Nov 19 (Reuters) - Telecoms and cable group Altice Europe
beat quarterly core profit forecasts on Thursday, as
it added French mobile and residential fibre customers,
offsetting lower media revenues.
The multinational group's adjusted earnings before interest,
taxes, depreciation and amortisation (EBITDA) for the third
quarter rose 5.1% from a year earlier to 1.48 billion euros
($1.75 billion), on revenues edging 3.2% up, both ahead of
"We had a good third-quarter; robust performance with net
gains in fixed and mobile in most of our geographies," Altice
founder and main shareholder Patrick Drahi said in a call,
stipulating that in France the group had slightly underperformed
He forecast a negative fourth-quarter coronavirus impact, as
travel restrictions hit roaming fees, lockdowns keep people from
shops and advertising revenues fall amid a declining market.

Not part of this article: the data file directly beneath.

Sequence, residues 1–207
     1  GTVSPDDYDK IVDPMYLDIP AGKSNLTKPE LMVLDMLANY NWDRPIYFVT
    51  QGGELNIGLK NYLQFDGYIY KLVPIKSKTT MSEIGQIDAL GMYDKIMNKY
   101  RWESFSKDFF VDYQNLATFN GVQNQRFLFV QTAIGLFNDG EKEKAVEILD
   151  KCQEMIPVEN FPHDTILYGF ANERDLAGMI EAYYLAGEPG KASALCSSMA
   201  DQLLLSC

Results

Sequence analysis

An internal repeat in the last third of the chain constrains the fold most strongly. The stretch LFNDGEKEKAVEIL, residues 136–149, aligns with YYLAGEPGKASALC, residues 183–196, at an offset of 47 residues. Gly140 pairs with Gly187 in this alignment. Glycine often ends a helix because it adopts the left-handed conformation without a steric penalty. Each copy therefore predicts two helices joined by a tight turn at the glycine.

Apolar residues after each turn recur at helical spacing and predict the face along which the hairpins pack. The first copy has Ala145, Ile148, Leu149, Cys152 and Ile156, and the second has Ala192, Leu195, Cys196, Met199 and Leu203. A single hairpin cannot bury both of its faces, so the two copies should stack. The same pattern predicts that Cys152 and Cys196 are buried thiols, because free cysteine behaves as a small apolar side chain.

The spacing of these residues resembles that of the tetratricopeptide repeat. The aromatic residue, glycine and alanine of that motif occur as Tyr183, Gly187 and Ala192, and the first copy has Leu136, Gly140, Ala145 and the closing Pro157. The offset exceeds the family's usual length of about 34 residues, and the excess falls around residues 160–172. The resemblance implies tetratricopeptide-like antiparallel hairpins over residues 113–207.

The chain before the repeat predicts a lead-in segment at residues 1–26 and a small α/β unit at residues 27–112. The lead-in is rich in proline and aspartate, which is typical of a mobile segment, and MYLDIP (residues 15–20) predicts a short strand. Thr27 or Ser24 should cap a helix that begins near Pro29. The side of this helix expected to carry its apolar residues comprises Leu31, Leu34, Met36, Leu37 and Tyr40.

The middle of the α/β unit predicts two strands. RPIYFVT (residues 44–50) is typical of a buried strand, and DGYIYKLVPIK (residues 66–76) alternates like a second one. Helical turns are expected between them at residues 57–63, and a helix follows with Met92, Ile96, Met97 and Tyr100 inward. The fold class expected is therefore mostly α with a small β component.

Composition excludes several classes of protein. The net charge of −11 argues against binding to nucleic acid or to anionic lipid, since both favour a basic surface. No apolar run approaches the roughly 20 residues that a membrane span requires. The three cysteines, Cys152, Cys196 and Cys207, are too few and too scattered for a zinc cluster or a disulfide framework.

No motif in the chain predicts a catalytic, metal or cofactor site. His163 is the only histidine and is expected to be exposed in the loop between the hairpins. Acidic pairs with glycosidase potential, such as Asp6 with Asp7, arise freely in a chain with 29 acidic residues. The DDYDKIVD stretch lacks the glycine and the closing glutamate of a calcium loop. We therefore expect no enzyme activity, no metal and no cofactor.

The multinational group nevertheless confirmed its full-year
targets, which include revenue and EBITDA growth.
Franco-Israeli billionaire Drahi has offered to take the
firm private in a deal valuing the group at 4.9 billion euros,
but a minority shareholder has called the offer too low and
Deutsche Bank analyst Robert Grindle said that the improved
profitability would further convince investors that the problems
Altice Europe had over the year were temporary.
"It will make them more aggrieved in their view that the
offer is lower than they would wish for," he said.
Drahi did not comment on the proposed buyout ahead of the
publication of the offer's details.
His offer comes after years of investor scrutiny over Altice
Europe's high debt levels, which have weighed on its share
price, although the company had recently chipped away at that
burden and has gained traction with subscribers in France.
The Amsterdam-listed company said it had repaid 1.4 billion
euros since April 2020, bringing its net debt to 28.9 billion
euros at the end of the quarter.
Rivals such as France's Orange, Iliad and
Bouygues Telecom also posted third-quarter growth
despite lost roaming fees under resurging COVID-19 restrictions.
($1 = 0.8445 euros)
(Reporting by Sarah Morland and Aida Pelaez-Fernandez in
Gdansk; Editing by Edmund Blair and Tom Brown)